• Not related to scent but to stiff-as-a-board laundry. I found it helpful to get the offending garment and shake it vigorously – or even beat it against sofa (socks especially). This helps when it comes to cotton thingies, especially ones overdried.
    It might look silly, but it works :)

  • David, I know this is rather late to the game, but if you haven’t found a better solution than the one you mentioned for your shaving gel, my boyfriend’s face is also super-sensitive, and wanted me to let you know he uses Lush’s Ambrosia shave gel (and it’s the only kind that doesn’t tear his face up). There’s some in France, too, so have a look: http://www.lush.fr/

  • I cannot stand the current range of UK detergents from Procter & Gamble. They all smell as though they’ve had ‘Febreze’ technology transplanted into them. The stench from ‘Daz’ and ‘Ariel’ make me physically wretch. All I want is a subtle smelling detergent that cleans well.

  • Well, at least now they have ‘écologique’ detergent which doesn’t make my eyes tear up and my skin break out in itchy bumps. It actually washes out of the clothes too which is a nice change. “Maison Verte” is pretty good, and has very little scent.
    But, seriously, what’s up with the toilet paper? I mean, come on, that has to be scented too does it? And why why why do they still sell toilet paper that comes not in rolls but in impossibly coarse, individual squares? And why do people still use it?! I mean hell, if you aren’t going to put a sink in the same room as the toilet you could at least not dole out the TP one piece at a time.

  • Interesting. I’ve traveled all over the US over the last 7 years and watched the fragrance problem migrate across the country. In 2004, I remember driving into Ft. Lauderdale and realizing I was driving into a ‘sea of fragrance’. Other metropolitan areas turned out the same. Denver is more than 30% hispanic now, and the level of fragrance in the air just driving down the street is just horrible. Now, I’m in the great northwest and it is horrible here, as well. At first, it was just Glade brand and Febreeze type plug-in air-fresheners emitting fragrance 24/7 out the windows of house. Then, mfg’s startred putting fragrance in laundry detergent and fabric softener, and now it all pours out the dryer vents. Can you imagine thousands and thousands of these going at once? PLUS their clothes stink!!! Once, I smelled a horrible laundry detergent smell, and I looked around and it was someone standing near me!

    When I go into almost ANY store, but particularly GROCERY stores where detergent is sold, I come out with the smell embedded into my clothing and hair! But it’s worse than that. It’s in the food and everything else that you buy at the grocery store. I confirmed that with a researcher who did testing for companies that were trying to keep the fragrances from being absorbed into their products while sitting on grocery story shelves! Fragrances are readily absorbed into and through anything that is carbon based – food (vegetables, meats), plastics, wrappers, bags, textiles, etc. When I had no choice but to shop for my food at grocery stores, I could literally taste the perfume (fragrance) in the meat and vegetables. I tried to feed something to a fox, once, and it refused to eat. It smelled like an empty perfume bottle, and tasted worse – I had to spit it out before trying to unload it on the almost unlucky and too intelligent fox. Now, I shop at a meat store, vegetable produce markets, and whole foods.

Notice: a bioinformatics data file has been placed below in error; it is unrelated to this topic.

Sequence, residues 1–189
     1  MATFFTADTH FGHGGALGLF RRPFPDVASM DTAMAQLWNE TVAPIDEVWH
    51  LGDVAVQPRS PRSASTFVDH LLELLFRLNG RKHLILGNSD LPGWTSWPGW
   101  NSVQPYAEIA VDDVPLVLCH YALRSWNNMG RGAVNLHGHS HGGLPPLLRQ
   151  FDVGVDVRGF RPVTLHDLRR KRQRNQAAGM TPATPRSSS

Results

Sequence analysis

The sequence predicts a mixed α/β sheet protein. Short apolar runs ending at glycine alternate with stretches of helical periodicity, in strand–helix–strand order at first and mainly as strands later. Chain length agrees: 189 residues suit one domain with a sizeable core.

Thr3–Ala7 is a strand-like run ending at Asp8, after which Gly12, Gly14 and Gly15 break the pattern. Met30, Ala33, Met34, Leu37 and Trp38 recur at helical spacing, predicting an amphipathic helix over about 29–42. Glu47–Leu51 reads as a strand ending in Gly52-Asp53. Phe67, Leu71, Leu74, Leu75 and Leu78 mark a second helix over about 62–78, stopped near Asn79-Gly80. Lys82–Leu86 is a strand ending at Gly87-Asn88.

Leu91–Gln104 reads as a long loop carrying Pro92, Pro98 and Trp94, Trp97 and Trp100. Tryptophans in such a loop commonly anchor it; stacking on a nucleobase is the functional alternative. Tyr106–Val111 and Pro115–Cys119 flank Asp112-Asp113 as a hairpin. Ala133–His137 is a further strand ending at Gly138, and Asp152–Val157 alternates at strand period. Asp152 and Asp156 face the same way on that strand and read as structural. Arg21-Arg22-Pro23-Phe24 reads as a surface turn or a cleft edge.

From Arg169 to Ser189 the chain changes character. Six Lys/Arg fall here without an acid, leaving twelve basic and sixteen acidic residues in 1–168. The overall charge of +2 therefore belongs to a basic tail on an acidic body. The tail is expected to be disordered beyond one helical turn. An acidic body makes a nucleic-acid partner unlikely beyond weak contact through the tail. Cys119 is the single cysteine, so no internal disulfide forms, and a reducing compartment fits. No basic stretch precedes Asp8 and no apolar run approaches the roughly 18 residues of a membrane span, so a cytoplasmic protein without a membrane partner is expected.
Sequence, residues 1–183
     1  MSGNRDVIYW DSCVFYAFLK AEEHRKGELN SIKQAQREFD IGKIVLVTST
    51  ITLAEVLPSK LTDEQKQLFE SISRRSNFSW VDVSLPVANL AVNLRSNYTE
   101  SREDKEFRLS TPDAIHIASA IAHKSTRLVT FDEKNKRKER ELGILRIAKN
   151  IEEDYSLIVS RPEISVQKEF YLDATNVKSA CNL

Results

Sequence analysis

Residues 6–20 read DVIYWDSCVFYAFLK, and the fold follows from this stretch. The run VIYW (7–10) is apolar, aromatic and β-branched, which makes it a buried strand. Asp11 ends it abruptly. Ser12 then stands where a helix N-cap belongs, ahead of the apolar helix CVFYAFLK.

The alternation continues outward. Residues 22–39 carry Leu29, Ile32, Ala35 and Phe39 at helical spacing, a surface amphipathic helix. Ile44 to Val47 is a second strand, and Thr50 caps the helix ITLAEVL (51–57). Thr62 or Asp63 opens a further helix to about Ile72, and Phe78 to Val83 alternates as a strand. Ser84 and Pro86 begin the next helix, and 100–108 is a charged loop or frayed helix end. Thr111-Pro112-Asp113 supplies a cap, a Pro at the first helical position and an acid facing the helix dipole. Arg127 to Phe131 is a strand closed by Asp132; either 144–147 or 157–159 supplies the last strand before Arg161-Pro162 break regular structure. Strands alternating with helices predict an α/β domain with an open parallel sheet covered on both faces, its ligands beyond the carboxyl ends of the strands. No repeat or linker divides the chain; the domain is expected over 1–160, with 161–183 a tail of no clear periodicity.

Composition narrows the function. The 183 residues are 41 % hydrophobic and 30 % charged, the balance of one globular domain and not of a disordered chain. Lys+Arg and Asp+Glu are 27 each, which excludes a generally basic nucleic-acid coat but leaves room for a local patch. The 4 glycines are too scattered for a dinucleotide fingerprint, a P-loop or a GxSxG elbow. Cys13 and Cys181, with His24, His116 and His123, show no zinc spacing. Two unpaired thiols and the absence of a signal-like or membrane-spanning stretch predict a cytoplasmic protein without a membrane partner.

In 2004, the EPA posted a page on their website that stated the plugins caused a % increase in deaths among asthmatics (I don’t recall the %, now). I recently heard NIH studies have shown fragrances cause asthma in children, and – can you believe it – I saw that Johnson & Johnson, the maker of Glade plugins, was sponsoring Asthma Awareness Clinics in LA!!! Wow – talk about hypocrites and the almighty dollar. If you have children, you’d better stay away from these products. The sad thing is that people who are severely allergic to them, or even slightly allergic, have absolutely zero rights to get a neighbor to stop using them, even when it drifts over to someone else’s house.

  • P.S. I thought it would be easy to find a refuge in Paris or another foreign country, but now I see that it won’t be so easy.

  • Hello!

    I wanted to leave this link in the comment section of the preceding article about the Espresso Granita Affogato Recipe, but the comments were turned off.

    http://www.youtube.com/watch?v=UGtKGX8B9hU

    I find it quite amusing.